Indiana University Bloomington
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Department of Second Language Studies  
German: Zweitsprachewerb  

Meet the Faculty

Rex A. Sprouse

Rex A. SprouseEducation:

Contact Information

rsprouse@indiana.edu

http://www.indiana.edu/~dsls/faculty/sprouse.shtml


BH 661
office: (812) 855-3248; cell: (812) 272-3332

Research Interests

Second language acquisition, structure and history of the languages of Western Europe (Germanic, Romance, Celtic) and Turkish, syntactic theory, language contact

Personal Statement:

The primary goal of my research is to gain a better understanding of the adult second language paradox: Why is that adults exposed to a nonnative language develop systems of linguistic knowledge of a startlingly rich and complex nature, including properties for which there is little or no evidence in the input ("poverty/bankruptcy of the stimulus"), while still (in a large percentage of cases) experiencing significant difficulty in the acquisition and use of relatively “simple” features of word choice and form? I am best known in second language studies for proposing (together with Bonnie D. Schwartz, University of Hawaii/) the Full Transfer/Full Access hypothesis and for pioneering (together with Laurent Dekydtspotter, Indiana University) research on the syntax-semantics interface in English-French interlanguage. I am currently developing the Deep Lexical Transfer Hypothesis, which a re-conceptualizes Full Transfer in terms of relexification/relabeling in the sense that Claire Lefebvre (Université du Québec à Montréal) has used these terms to describe creole genesis. I am also considering ways in which the Language Instinct becomes “blunted” over the course of the life span, even though the fundamental architecture of grammars and processing mechanisms remain untouched.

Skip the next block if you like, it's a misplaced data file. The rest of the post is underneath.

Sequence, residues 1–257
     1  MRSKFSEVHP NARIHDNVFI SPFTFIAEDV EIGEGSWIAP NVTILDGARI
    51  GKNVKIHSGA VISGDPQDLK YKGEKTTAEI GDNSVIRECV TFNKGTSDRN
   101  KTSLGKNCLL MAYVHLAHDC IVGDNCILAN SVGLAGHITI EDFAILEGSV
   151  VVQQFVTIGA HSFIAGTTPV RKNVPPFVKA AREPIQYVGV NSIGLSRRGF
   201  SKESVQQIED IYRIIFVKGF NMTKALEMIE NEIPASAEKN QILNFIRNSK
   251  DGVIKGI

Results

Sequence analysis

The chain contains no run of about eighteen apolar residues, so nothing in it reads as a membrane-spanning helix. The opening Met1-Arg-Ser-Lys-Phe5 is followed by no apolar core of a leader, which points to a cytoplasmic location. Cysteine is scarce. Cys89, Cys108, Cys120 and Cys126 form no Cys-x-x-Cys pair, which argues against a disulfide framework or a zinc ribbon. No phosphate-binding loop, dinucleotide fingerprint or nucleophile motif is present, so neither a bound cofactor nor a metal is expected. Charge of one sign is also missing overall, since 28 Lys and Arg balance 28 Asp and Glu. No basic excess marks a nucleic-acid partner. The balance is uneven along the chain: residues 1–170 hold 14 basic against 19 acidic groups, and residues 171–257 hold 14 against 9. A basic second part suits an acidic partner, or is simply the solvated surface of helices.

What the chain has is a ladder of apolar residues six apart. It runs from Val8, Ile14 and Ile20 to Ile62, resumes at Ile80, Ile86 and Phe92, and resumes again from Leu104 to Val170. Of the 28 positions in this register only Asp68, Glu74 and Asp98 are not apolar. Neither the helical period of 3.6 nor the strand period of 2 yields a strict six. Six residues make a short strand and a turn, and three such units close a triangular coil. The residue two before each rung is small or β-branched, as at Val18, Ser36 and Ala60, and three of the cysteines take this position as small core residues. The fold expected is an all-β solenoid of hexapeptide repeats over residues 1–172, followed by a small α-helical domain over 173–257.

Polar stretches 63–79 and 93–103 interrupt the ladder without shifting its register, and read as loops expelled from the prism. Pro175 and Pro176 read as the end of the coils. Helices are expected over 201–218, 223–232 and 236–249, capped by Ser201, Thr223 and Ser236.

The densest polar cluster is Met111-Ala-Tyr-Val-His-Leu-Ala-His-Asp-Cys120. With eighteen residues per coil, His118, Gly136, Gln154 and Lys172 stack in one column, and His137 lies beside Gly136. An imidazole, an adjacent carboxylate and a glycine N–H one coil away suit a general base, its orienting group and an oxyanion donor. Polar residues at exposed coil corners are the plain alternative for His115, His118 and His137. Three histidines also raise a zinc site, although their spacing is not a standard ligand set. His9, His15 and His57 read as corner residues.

Additional topics that have captured my interest over the years include case and agreement in German and Icelandic, perfect auxiliary selection in Romance and Germanic, the comparative correlative construction in German, the syntax of ditransitive verbs in the Germanic languages, and the development of tag questions in Welsh.

Courses Recently Taught:

Current Faculty-Student Research Group:

Recent publication highlights

Schwartz, Bonnie D. & Rex A. Sprouse (2013) Generative approaches and the poverty of the stimulus. In Julia Herschensohn & Martha Young-Scholten (eds.), The Cambridge Handbook of Second Language Acquisition, New York: Cambridge University Press, pp. 137-158. .

Darcy, Isabelle, Laurent Dekydtspotter, Rex A. Sprouse, Justin Glover, Christiane Kaden, Michael McGuire & John H.G. Scott (2012) Direct mapping of acoustics to phonology: On the lexical encoding of front round vowels in L1 English-L2 French acquisition. Second Language Research 28: 5-4

Sprouse, Rex A. (2011) The Interface Hypothesis and Full Transfer/Full Access/Full Parse: A brief comparision. Linguistic Approaches to Bilingualism 1: 97-100.

Sprouse, Rex A. (2010) The invisibility of SLA theory in mainstream creole linguistics. Second Language Research 26: 261-277.

Sprouse, Rex A. (2009) Creoles and interlanguages, conclusions and research desiderata: A reply to Plag. Language, Interaction of Acquisition/Language, Interaction and Acquisition 1: 273-291.